The Quantum Pontiff

See Planets!

Direct imaging of extra solar planets. The cat dynamicist has the details. (because, linking, I’ve heard, is good.) Fomalhaut b, a nice name.

When I was on the road to becoming an astrophysicist, as a young grad student, I remember thinking how cool it would be to join the planet hunters. I mean being able to say that in your research you “discovered a planet” well how cool would that be. Alas I caught the quantum bug and so all those days spent studying the interstellar tedium are now lost, like tears in the rain.


  1. #1 Stephen
    November 14, 2008

    Interstellar tedium?

  2. #2 Ian
    November 14, 2008

    So you think your career works better if you don’t planet?

  3. #3 Dave Bacon
    November 14, 2008

    Stephen: have you seen how much chemistry you need to understand to the interstellar medium. Definitely the interstellar tedium. 🙂

  4. #4 Ian Durham
    November 14, 2008

    Dave: that’s funny. I was literally doing the same thing. Started out in grad school in astrophysics thinking I might do extrasolar planet hunting until I got the quantum bug.

    Ian: absolutely! :))

  5. #5 Mike
    November 14, 2008

    You’ve done a man’s job, sir. It’s too bad she won’t live… but then again, who does?

  6. #6 John Sidles
    November 14, 2008

    Thank you, Dave, for quoting the line “lost like tears in the rain“, which is surely among the most wonderful ad-libs in movie history …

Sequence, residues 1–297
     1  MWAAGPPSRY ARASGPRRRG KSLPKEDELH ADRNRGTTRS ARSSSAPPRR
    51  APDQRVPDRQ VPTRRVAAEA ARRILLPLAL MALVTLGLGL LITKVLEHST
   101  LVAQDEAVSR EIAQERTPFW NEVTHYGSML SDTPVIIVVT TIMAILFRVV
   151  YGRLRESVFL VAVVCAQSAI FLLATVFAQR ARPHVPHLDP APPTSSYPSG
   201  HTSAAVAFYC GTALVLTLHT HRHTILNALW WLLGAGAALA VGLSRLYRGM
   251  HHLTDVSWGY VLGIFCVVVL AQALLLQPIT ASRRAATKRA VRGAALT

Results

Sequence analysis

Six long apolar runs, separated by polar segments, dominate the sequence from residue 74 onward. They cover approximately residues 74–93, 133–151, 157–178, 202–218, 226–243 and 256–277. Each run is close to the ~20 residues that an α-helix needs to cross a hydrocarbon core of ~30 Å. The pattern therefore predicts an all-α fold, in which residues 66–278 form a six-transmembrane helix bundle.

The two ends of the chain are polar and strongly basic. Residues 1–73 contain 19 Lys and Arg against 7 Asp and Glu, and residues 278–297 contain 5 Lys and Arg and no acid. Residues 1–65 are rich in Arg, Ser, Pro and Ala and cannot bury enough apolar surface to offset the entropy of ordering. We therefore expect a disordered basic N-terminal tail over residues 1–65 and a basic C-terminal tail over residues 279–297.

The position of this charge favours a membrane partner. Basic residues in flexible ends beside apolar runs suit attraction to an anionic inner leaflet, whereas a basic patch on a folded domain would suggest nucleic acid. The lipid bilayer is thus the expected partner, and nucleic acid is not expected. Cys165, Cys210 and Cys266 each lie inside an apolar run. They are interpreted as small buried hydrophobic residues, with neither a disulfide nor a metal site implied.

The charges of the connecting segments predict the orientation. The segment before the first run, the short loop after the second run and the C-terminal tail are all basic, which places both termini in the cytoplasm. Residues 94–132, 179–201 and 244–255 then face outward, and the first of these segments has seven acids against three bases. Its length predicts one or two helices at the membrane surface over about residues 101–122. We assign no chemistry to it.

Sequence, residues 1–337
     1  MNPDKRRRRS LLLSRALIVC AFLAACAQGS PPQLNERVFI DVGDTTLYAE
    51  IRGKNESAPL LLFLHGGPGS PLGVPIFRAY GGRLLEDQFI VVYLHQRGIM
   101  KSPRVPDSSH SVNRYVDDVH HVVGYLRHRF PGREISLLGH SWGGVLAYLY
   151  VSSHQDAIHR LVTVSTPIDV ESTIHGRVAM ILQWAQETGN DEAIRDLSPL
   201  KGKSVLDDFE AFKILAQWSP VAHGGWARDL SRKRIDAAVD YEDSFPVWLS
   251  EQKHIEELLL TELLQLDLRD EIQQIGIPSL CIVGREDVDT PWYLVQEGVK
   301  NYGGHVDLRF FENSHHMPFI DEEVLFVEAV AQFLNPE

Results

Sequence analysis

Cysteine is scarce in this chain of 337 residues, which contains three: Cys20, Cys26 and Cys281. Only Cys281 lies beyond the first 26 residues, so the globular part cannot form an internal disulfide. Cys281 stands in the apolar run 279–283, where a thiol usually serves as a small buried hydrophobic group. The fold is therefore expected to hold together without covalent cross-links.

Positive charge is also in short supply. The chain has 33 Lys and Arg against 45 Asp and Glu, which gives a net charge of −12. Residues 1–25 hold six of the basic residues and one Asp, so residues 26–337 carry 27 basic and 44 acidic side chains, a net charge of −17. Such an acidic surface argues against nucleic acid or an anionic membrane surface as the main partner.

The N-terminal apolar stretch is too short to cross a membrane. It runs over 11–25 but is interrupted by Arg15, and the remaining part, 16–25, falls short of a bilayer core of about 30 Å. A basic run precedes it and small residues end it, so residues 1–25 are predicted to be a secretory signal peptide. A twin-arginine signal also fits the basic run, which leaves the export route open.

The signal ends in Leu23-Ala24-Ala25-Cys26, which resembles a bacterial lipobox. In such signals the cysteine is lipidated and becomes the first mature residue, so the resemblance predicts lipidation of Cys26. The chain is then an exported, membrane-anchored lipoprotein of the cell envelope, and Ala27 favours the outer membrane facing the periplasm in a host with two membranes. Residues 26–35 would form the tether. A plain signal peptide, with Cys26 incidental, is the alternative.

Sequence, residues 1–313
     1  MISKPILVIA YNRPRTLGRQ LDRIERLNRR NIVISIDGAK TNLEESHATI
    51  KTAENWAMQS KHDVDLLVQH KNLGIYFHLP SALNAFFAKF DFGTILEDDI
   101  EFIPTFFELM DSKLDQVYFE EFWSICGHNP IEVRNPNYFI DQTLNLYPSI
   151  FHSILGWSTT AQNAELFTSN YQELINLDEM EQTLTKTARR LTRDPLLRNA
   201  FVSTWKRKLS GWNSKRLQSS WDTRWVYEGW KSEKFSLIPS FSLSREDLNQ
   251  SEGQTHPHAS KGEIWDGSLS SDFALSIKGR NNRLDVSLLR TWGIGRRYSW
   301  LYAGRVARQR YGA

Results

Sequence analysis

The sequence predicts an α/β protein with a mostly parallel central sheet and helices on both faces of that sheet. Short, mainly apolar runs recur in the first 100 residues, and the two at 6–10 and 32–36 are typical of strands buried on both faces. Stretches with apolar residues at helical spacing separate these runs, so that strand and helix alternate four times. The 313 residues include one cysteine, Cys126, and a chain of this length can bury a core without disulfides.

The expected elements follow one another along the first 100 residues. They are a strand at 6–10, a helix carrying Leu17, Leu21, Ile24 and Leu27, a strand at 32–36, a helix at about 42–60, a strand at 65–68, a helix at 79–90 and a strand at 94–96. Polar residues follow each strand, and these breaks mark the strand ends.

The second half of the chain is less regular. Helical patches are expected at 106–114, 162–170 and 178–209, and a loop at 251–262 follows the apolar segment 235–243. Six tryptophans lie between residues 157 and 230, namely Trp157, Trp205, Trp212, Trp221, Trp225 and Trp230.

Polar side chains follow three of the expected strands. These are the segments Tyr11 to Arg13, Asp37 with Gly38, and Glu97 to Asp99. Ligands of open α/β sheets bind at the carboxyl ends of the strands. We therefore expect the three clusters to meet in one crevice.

The study of complexity—when regarded as the study of rain as contrasted with the study of tears—is perhaps the perfect line of research for all who like to contemplate the “big picture.”

  7. #7 John Sidles
    November 17, 2008

    Just `cuz I too admire this topic, I would like to point out that NASA’s planet-searching New Worlds Mission is on-track to receive three billion dollars in funding.

    What have they good that quantum information science has not got? Well, QIS arguably has better mathematics and sexier physics than planet-searching (although planet-searching does pretty well in both categories).

    But planet-searching arguably has better engineering and a more-readily comprehensible mission. The result is that planet-searching ends up with top-quality fundamental research *and* top-quality engineering and applications.

    The point being, the QIS might benefit from a similar upgrade.

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